(g) Powers.—In carrying out its duties under this section, the Committee is authorized to—

(1) hold hearings and sit and act at places and times within the United States and outside the United States during the sessions, recesses, and adjourned periods of Congress;

(2) require the attendance of witnesses and the production of books, papers, and documents, administer oaths, take testimony, and procure printing and binding;

(3) record hearings, prepare and provide transcripts of hearings, use transcribers, recorders and stenographers, and establish a Web site;

(4) make rules respecting its organization and procedures; and

(5) exercise any other authority of a committee of the House of Representatives and the Senate and utilize the resources of the House of Representatives and the Senate, except as provided otherwise in this section.

(h) Staffing.—The Committee may appoint and fix the compensation of staff as it deems necessary.

(i) Limitation on authority.—The Committee may not exercise legislative jurisdiction and may not take legislative action on any bill or resolution.

(j) Rulemaking.—The provisions of this section are enacted by Congress—

(1) as an exercise of the rulemaking power of the House of Representatives and the Senate, respectively, and as such they shall be considered as part of the rules of each House, respectively, or of that House to which they specifically apply, and such rules shall supersede other rules only to the extent that they are inconsistent therewith; and

(2) with full recognition of the constitutional right of either House to change such rules (so far as relating to such House) at any time, in the same manner, and to the same extent as in the case of any other rule of such House.

(k) Funding.—

(1) VOUCHERS.—Payments for expenses of the Committee shall be made using vouchers authorized by the Committee, signed by the chairman of the Committee, and approved in a manner directed by the Committee on House Administration of the House of Representatives and the Committee on Rules and Administration of the Senate.

(2) SOURCE OF FUNDS.—

(A) HOUSE OF REPRESENTATIVES.—There shall be paid out of the applicable accounts of the House of Representatives $3,000,000 to carry out this section during the 111th Congress.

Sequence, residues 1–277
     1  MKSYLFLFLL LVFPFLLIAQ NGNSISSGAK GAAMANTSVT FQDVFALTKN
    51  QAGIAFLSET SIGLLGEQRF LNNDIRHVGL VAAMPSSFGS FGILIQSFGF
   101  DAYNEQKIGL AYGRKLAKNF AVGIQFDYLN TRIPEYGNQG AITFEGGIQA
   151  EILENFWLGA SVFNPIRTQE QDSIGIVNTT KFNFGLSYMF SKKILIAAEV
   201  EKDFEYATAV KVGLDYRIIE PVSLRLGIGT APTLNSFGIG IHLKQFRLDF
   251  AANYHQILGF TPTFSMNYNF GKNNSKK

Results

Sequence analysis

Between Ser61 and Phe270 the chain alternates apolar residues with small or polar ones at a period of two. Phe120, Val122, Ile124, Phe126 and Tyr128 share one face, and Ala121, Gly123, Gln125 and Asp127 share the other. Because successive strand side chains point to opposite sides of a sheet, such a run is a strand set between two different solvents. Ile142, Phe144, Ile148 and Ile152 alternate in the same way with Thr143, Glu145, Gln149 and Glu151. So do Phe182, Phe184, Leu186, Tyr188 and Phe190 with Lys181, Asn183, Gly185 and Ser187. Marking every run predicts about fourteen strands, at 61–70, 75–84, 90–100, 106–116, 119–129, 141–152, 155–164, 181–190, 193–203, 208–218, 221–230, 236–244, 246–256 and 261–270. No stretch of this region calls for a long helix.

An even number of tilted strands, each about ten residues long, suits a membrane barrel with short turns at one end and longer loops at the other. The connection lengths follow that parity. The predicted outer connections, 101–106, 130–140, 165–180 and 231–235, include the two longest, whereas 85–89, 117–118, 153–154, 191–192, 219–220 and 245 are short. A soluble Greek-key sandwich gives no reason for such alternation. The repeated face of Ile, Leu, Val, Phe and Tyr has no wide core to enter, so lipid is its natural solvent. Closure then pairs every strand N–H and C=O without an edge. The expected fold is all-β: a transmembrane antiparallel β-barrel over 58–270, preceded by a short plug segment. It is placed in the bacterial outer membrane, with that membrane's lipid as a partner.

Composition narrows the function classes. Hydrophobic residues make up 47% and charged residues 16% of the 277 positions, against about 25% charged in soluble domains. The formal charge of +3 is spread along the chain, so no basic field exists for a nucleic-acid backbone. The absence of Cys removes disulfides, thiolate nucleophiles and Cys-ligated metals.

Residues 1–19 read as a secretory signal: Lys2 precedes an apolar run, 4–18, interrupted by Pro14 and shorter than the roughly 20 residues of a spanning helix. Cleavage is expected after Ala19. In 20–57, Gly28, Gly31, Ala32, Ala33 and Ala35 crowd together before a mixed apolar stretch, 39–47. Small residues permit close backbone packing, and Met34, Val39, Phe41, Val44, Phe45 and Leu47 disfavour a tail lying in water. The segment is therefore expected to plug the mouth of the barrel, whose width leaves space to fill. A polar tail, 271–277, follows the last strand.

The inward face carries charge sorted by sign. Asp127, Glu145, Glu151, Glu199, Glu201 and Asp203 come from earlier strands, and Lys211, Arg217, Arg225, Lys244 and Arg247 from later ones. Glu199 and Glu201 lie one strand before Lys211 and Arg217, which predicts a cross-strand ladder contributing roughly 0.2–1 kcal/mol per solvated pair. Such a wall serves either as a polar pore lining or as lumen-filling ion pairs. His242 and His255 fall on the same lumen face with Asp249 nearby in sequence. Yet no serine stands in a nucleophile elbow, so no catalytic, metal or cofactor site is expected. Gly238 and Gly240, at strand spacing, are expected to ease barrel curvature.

(B) SENATE.—There shall be paid out of the contingent fund of the Senate $3,000,000 to carry out this section during the 111th Congress.

SEC. 6. Funding and definition.

(a) Funding.—To carry out the comprehensive governmentwide strategy described in section 4(e), it is the sense of Congress that not less than $50,360,000,000 should be made available for fiscal years 2010 through 2014 for Federal programs addressing global hunger and food security. During such five-year period, funding should increase investments in intermediate and long-term programs, including safety nets, nutrition, and agricultural development programs, and maintain sufficient resources for emergency management and response. It is further the sense of Congress that funding for Federal programs addressing global hunger and food security should, to the maximum extent possible, use as guidance and not be less than those amounts described for fiscal years 2010 through 2014 in the Roadmap to End Global Hunger.

(b) Definition.—In this section, the term “Roadmap to End Global Hunger” means the report entitled “Roadmap To End Global Hunger”, released on February 24, 2009, and endorsed by the following organizations:

(1) ACDI/VOCA.

(2) Action Against Hunger.

(3) Africare.

(4) Alliance for Global Food Security.

(5) Alliance to End Hunger.

(6) American Jewish World Service.

(7) Better World Campaign.

(8) Bread for the World.

(9) CARE.

(10) Catholic Relief Services.

(11) Christian Children’s Fund.

(12) Christian Reformed World Relief Committee.

(13) Church World Service.

(14) Concern Worldwide.

(15) Congressional Hunger Center.

(16) Counterpart International.

(17) Covenant World Relief.

(18) Episcopal Relief and Development.

(19) Feed the Children.

(20) Food for the Hungry.

(21) Friends of the World Food Program.

(22) Global Child Nutrition Foundation.

(23) Heifer International.

(24) The Humpty Dumpty Institute.

(25) The International Center for Research on Women.

(26) International Relief and Development.

(27) Islamic Relief.

(28) LIFE for Relief and Development.

(29) MAZON: A Jewish Response to Hunger.

(30) Mercy Corps.

(31) Oxfam America.

(32) Partnership to Cut Hunger and Poverty in Africa.

(33) PATH.

(34) Project Concern International.

(35) RESULTS.

(36) Save the Children.

(37) United Methodist Committee on Relief (UMCOR).

(38) US Coalition for Child Survival.

(39) U.S. Fund for UNICEF.

(40) Women Organizing for Change in Agriculture and NRM.

(41) Women Thrive Worldwide.

(42) World Vision.

SEC. 7. Definition of undernourishment.

In this Act, the term “undernourishment”, as defined by the United Nations Food and Agriculture Organization, means the condition of people whose food consumption is continuously below a minimum dietary energy requirement for maintaining an acceptable minimum body size, living a healthy life, and carrying out light physical activity. In this Act, the terms “chronic undernourishment”, “food insecurity”, and “hunger” have the same meaning as “undernourishment”.